Film Title: Salvo
Director: Fabio Grassadonia, Antonio Piazza
Starring: Kate Winslet, Josh Brolin, Gattlin Griffith, Tobey Maguire
Running Time: 110 min
Be careful what you wish for. Be more careful still of your influences. Fabio Grassadonia and Antonio Piazza’s debut clearly owes a massive debt to Jean-Pierre Melville’s Le Samouraï (1967). It’s not just that Salvo follows a solitary assassin as he goes about his awful business. The Italian film also plays homage to – or, perhaps, just apes – Melville’s beautiful minimalism.
Often shot from the protagonist’s point of view, Salvo plays out in steady, unthreatening rhythms. Much of this works very nicely. But the film never quite locates its own ground. It feels like a very challenging exercise carried off with much style but little real flair (the two things are not quite the same).
Palestinian actor Saleh Bakri plays the titular character as an enigma wrapped in a tissue of sly charisma. We begin with Salvo and his boss being ambushed by a gang of untrustworthy hoodlums. Our protagonist deals with them efficiently and then sets off to locate the hoodlums behind the hoodlums.
His investigations bring him to the apartment of a beautiful blind girl and her dangerous brother. Salvo kills the man, but takes pity on the woman and spirits her away to an abandoned mine. No surprises there. Movie heroes have been falling for blind ladies since Charlie Chaplin bought a flower from Virginia Cherrill in City Lights.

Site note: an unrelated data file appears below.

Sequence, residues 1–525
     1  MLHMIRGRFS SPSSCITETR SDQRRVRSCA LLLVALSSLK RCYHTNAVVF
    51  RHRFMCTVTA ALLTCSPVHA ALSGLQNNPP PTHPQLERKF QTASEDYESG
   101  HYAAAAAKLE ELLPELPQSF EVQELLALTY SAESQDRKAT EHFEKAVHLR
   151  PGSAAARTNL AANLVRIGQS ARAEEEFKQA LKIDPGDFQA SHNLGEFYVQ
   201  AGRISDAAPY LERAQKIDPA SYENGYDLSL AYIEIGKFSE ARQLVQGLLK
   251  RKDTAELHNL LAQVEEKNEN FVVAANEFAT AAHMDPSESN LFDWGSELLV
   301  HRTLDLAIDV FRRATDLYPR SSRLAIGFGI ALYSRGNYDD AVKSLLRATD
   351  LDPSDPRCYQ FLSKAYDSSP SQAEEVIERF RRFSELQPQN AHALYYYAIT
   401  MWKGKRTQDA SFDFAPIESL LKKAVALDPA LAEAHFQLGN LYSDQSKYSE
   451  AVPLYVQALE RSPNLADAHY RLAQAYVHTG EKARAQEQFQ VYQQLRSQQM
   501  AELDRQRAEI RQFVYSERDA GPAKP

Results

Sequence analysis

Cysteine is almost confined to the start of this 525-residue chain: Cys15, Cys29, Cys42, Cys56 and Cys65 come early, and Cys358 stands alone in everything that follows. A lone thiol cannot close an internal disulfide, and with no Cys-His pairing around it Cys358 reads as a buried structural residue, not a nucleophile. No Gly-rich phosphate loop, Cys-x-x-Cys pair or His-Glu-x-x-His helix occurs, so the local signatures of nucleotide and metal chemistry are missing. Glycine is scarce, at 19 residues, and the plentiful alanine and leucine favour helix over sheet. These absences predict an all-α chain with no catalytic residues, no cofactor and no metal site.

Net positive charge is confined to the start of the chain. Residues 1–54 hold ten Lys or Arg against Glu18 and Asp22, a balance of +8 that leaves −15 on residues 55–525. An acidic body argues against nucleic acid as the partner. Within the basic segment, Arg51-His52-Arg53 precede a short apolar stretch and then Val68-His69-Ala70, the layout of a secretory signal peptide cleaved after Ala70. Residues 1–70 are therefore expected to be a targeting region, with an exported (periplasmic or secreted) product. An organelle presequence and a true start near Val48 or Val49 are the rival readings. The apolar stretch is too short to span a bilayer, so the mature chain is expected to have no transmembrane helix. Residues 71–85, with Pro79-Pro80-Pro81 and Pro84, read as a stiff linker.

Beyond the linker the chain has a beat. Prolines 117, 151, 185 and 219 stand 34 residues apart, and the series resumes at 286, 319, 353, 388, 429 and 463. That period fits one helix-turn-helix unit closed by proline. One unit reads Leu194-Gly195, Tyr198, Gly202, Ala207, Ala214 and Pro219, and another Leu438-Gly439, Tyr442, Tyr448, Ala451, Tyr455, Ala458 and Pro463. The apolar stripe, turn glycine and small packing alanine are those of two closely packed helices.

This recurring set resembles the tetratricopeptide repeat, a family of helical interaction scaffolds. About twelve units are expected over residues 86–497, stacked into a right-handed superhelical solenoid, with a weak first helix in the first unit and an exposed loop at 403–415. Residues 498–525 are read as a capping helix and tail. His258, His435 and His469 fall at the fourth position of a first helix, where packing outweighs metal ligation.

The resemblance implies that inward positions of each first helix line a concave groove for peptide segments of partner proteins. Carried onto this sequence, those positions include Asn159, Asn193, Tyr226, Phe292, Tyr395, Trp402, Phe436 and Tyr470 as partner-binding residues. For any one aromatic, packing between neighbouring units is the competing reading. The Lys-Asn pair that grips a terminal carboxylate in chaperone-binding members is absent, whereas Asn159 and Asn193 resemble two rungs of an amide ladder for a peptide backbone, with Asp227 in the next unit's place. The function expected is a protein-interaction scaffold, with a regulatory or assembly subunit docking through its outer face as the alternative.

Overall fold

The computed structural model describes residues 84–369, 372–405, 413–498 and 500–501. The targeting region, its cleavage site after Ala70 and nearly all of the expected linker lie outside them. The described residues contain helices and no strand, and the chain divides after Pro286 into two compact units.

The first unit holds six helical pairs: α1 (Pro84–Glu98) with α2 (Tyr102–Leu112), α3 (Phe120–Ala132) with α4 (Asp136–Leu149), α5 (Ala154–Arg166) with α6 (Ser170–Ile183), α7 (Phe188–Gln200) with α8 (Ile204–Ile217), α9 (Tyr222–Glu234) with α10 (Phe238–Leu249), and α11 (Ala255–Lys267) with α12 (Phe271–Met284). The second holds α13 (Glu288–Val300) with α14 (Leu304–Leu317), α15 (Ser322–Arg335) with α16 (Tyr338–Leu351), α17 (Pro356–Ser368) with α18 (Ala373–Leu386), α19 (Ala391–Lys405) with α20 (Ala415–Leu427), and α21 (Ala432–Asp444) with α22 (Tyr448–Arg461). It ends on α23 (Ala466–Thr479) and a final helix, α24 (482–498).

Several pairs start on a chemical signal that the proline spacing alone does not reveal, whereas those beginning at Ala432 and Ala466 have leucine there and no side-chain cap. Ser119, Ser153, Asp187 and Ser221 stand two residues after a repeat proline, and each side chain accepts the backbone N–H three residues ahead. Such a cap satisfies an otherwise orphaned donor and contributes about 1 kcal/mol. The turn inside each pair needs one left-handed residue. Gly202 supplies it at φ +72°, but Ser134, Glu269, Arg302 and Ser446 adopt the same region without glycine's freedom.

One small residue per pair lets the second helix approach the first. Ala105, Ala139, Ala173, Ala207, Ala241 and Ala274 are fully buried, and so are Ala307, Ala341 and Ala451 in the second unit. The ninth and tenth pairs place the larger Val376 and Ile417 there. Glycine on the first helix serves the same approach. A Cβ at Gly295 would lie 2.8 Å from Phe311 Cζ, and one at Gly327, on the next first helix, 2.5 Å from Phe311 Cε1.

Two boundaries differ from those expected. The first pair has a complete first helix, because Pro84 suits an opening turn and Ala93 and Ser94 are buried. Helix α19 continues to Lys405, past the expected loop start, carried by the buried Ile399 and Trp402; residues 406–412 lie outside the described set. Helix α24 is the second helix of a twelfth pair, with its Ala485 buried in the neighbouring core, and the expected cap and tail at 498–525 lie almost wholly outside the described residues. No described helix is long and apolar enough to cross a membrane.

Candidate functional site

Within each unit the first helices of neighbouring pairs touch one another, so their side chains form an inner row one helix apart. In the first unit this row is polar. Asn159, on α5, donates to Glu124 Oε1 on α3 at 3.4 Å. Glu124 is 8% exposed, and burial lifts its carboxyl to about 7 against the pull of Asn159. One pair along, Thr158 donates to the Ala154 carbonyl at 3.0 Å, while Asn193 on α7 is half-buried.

The directors, working with gifted cinematographer Daniele Cipri, find many opportunities to show off their technical abilities: Salvo revels in its artfully distressed production design and allows Bakri unending opportunities to simmer ambiguously. But something is missing. Though cinephiles will appreciate the nods to Melville (and to followers such as John Woo), civilians may find the film rather less gripping than run-of-the-mill export-friendly Italian gangster flicks such as Romanzo Criminale.
Still, there is much potential here. Fingers crossed.